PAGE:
2. The “common good”

Democrats’ second core value is closely related to the first, and almost equally important. Not only should people be free from discrimination based on who they are and who their ancestors were. They should also have equal opportunity to a good life, the “American Dream.” Whether they clean toilets and make beds in hotels or invent cures for cancer, their lives and happiness matter.

We Americans are all in the same big boat. We sail or sink together. We all matter. The cohesion that derives from that simple empathetic principle is what makes us strong as a nation.

This credo, too, comes directly from our Founding American documents. Our Declaration of Independence states our common belief that everyone has the rights to “Life, Liberty and the Pursuit of Happiness.” Our Constitution states as one of its primary purposes “to promote the general welfare.” (emphasis added)

Our Founders packed a lot of meaning into that two-word phrase “general welfare.” As educated men of the eighteenth century, they were all familiar with the writings of John Stuart Mill and Jeremy Bentham, the so-called “Utilitarians.” They believed in the Utilitarian principle of “the greatest good for the greatest number” because they understood that making everybody productive and economically secure makes society healthier, stronger and more cohesive. They believed that a society that leaves no one behind would be the freest and strongest in human history. So far, they have been right.

Perhaps our greatest demonstration of these ideas came during and after the Second World War. Two classes of people in our nation had been indubitably legally oppressed. African-Americans in the South labored under a regime of legal inequality called “Jim Crow,” and Japanese-Americans in our West were interned after Japan bombed Pearl Harbor in what amounted to non-lethal concentration camps. Yet, however badly their kind were treated, the sons of both of these groups fought fiercely on our side in the War, for the mere promise of the words in our Founding documents. African-Americans fought bravely as common soldiers and as Tuskegee Airmen, and sons of Japanese immigrants fought in the famous 442d Brigade—the most decorated in our entire war—which liberated the deadly Nazi concentration camp Dachau.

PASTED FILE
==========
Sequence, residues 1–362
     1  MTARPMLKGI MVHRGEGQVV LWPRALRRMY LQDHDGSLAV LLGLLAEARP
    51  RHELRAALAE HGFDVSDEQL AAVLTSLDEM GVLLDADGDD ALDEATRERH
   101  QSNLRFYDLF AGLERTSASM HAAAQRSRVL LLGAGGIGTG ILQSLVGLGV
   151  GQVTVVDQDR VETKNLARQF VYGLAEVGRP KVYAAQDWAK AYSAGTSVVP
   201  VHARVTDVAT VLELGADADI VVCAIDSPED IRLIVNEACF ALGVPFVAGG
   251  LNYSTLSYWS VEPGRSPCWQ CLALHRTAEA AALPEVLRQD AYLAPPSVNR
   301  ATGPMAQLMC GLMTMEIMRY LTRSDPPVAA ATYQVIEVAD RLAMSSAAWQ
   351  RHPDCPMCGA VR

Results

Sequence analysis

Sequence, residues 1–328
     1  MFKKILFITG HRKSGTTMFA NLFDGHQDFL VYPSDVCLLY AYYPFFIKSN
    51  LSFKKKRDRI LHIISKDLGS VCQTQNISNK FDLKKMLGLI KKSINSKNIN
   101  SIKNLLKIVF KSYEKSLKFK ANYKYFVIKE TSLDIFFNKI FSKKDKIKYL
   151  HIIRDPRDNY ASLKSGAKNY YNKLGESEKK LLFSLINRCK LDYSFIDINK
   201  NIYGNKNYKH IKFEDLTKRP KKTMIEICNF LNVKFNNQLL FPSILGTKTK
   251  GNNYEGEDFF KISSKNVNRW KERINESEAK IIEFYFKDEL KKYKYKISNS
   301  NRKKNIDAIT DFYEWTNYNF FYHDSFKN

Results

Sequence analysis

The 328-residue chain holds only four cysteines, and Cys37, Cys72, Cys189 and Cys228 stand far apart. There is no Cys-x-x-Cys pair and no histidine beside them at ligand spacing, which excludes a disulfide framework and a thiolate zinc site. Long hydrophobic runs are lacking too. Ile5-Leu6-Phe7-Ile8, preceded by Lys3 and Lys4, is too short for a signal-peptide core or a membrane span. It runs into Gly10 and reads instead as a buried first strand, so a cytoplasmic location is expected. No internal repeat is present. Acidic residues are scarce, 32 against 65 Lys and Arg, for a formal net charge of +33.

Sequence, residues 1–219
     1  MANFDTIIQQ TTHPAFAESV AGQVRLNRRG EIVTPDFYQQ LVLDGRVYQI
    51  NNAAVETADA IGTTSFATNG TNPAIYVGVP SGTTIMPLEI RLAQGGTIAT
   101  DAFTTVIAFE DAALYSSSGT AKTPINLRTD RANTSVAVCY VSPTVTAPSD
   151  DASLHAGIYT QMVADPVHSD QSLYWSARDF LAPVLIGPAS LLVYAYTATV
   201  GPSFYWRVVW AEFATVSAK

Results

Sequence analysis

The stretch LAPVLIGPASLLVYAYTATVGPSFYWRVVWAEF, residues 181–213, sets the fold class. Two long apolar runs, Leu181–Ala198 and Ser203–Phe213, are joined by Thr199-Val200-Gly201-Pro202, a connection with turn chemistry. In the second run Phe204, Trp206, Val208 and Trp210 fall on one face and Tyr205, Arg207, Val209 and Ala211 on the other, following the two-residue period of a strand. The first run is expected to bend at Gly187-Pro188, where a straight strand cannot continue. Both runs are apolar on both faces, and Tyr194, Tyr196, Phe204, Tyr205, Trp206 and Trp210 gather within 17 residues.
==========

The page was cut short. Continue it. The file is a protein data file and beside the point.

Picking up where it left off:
After the war, the men and women who had fought so bravely came home from their victory with a new sense of purpose, honor and capability. Their new sense of self-worth motivated the civil-rights struggles of the 1960s. African-Americans threw off the chains of Jim Crow with the civil rights laws. Japanese-Americans got recognition and ultimately small compensation for their parents’ Internment. Women who had learned to work in war factories while their men were away began to contribute to society—and to their families’ economic security—as more than mothers.

It was no coincidence that this explosion of self-worth and societal recognition produced the greatest surge in productivity and economic well-being the world had ever seen. Our GDP rocketed upward. The massive war debt vanished. Our cities and suburbs blossomed with cars, private homes, small businesses and (in warmer climates) swimming pools. Our industry hummed like a fine Swiss watch, and we Americans invented television, high-altitude flight, the transistor, the laser, the integrated circuit, the digital computer and (later) the Internet, among other things. Beginning in the seventies, environmental and workplace regulation made our mines and factories and our industrial cities the cleanest, safest and most liveable of any in the world.

Almost all of this happened while the top rate for individual income taxes was 92%.

Then the right-wing ideologues got to work. Taxes were too high, they told us. Rules and regulations were stifling “liberty” and “freedom,” mainly of the strong and the rich. Regulated capitalism, they claimed, was tantamount to socialism or even Communism, which was still working its evil ways in Russia’s Soviet Union and in China. (They told this lie although no serious politician in America, let alone any major-party candidate, had ever so much as suggested getting rid of private enterprise.) Government, which had won the war and, through its sponsored research, supported all the new science behind this prosperity and happiness, was, they lied, the villain.